Class FourSweepIterativeFringeDiameter


public class FourSweepIterativeFringeDiameter
extends Object
Computes the diameter of a symmetric (a.k.a. undirected) graph.

This class implements a variant of the heuristic algorithm proposed by Pierluigi Crescenzi, Roberto Grossi, Michel Habib, Leonardo Lanzi and Andrea Marino in “On computing the diameter of real-world undirected graphs”, presented at the Workshop on Graph Algorithms and Applications (Zurich, July 3,2011-2014), which extends the double-sweep heuristic for bounding the diameter suggested by Clémence Magnien, Matthieu Latapy and Michel Habib in “Fast computation of empirically tight bounds for the diameter of massive graphs”, J. Exp. Algorithmics, 13:1.10:1−1.10:9, ACM, 2009.

To understand why the following algorithm works, recall that the eccentricity of a node x is the maximum distance d(x, y). The minimum eccentricity over all nodes is called the radius of the graph, and a node with minimum eccentricity is called a center. The diameter is just the maximum eccentricity, so the diameter is bounded by twice the radius (but it might not be equal: a line with an even number of nodes is a counterexample). The following two observations are obvious:

  • the eccentricity of a node is a lower bound for the diameter;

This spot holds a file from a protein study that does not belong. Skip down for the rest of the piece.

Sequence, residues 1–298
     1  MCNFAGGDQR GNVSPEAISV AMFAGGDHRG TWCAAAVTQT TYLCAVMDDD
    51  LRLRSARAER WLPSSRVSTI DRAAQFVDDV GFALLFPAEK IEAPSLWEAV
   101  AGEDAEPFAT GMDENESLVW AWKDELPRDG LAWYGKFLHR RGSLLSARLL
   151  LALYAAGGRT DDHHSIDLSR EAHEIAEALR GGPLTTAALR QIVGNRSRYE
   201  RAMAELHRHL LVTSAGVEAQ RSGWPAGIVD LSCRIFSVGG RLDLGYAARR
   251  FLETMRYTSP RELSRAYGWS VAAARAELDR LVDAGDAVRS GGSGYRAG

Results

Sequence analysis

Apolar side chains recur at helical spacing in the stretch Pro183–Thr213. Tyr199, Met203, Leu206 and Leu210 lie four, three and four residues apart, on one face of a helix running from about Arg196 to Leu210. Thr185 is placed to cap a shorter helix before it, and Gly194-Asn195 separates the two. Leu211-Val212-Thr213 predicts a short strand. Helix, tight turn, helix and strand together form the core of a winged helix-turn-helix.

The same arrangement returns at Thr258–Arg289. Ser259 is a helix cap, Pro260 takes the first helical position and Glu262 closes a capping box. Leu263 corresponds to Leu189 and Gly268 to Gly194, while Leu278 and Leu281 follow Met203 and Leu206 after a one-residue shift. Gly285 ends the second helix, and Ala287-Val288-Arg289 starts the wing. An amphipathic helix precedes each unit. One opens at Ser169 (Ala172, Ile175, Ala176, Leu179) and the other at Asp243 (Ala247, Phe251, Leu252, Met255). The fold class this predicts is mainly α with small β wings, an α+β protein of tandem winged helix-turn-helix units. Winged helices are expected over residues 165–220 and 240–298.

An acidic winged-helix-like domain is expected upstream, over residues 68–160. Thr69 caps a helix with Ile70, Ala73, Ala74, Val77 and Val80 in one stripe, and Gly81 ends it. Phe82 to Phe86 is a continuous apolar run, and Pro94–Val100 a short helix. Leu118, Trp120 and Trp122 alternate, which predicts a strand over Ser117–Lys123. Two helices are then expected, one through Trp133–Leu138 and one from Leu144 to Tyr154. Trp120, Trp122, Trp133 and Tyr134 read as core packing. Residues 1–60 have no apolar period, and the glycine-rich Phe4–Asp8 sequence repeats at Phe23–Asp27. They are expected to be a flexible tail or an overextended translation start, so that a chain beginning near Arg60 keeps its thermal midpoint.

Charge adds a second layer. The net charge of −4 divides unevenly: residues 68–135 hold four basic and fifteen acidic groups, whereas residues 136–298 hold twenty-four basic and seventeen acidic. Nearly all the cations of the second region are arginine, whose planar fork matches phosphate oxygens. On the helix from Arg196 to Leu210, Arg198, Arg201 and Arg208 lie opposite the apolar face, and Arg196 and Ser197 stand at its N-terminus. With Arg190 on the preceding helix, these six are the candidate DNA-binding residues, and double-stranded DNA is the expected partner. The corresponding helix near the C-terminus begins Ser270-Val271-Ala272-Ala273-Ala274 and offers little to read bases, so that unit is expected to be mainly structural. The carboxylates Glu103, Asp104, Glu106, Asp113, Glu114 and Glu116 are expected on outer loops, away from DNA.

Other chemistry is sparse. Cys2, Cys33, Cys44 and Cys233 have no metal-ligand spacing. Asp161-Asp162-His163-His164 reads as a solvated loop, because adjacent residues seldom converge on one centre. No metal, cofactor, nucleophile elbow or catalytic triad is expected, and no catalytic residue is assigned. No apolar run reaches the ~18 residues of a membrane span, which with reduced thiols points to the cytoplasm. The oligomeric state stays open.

• given a node x and an integer h, 2h maximised with the eccentricities of all nodes at distance greater than h from x is an upper bound for the diameter.

The double-sweep algorithm is the standard algorithm to compute the diameter of a tree: we take a random node and locate using a breadth-first visit a farthest node x. Then, we perform a second breadth-first visit, computing the eccentricity of x, which turns out to be the diameter of the tree. When applied to a general graph, the double-sweep algorithm provides a good lower bound (in general, whenever we perform a breadth-first visit we use the resulting eccentricity to improve the current lower bound). With some (usually few) additional visits, the iterative fringe algorithm often makes it possible to make the bounds match.

More precisely, after the second visit we find a node c that is halfway between x and a node farthest from x. The node c is a tentative center of the graph, and it certainly is if the graph is a tree.

We then perform a breadth-first visit from c and compute its eccentricity h, obtaining an upper bound 2h for the diameter.

In case our upper bound does not match the lower bound, we compute the eccentricities of the fringe, that is, the set of nodes at distance h from c, by performing a breadth-first visit from each node in the fringe. At each eccentricity computed, we update our lower bound, and stop if it matches our current upper bound. Finally, when the fringe is exhausted, assuming M is the maximum of the eccentricities computed, max(2(h − 1), M) is an improved upper bound for the diameter. We iterate the procedure with the new fringe (nodes at distance h − 1), and so on, until the lower and upper bounds do match.

The description above is a bit simplified: after finding c, we actually do a double sweep again starting from c and update c accordingly. This four-sweep procedure often improves the quality (e.g., reduces the eccentricity) of c.

Performance issues

This class uses an instance of ParallelBreadthFirstVisit to ensure a high degree of parallelism (see its documentation for memory requirements).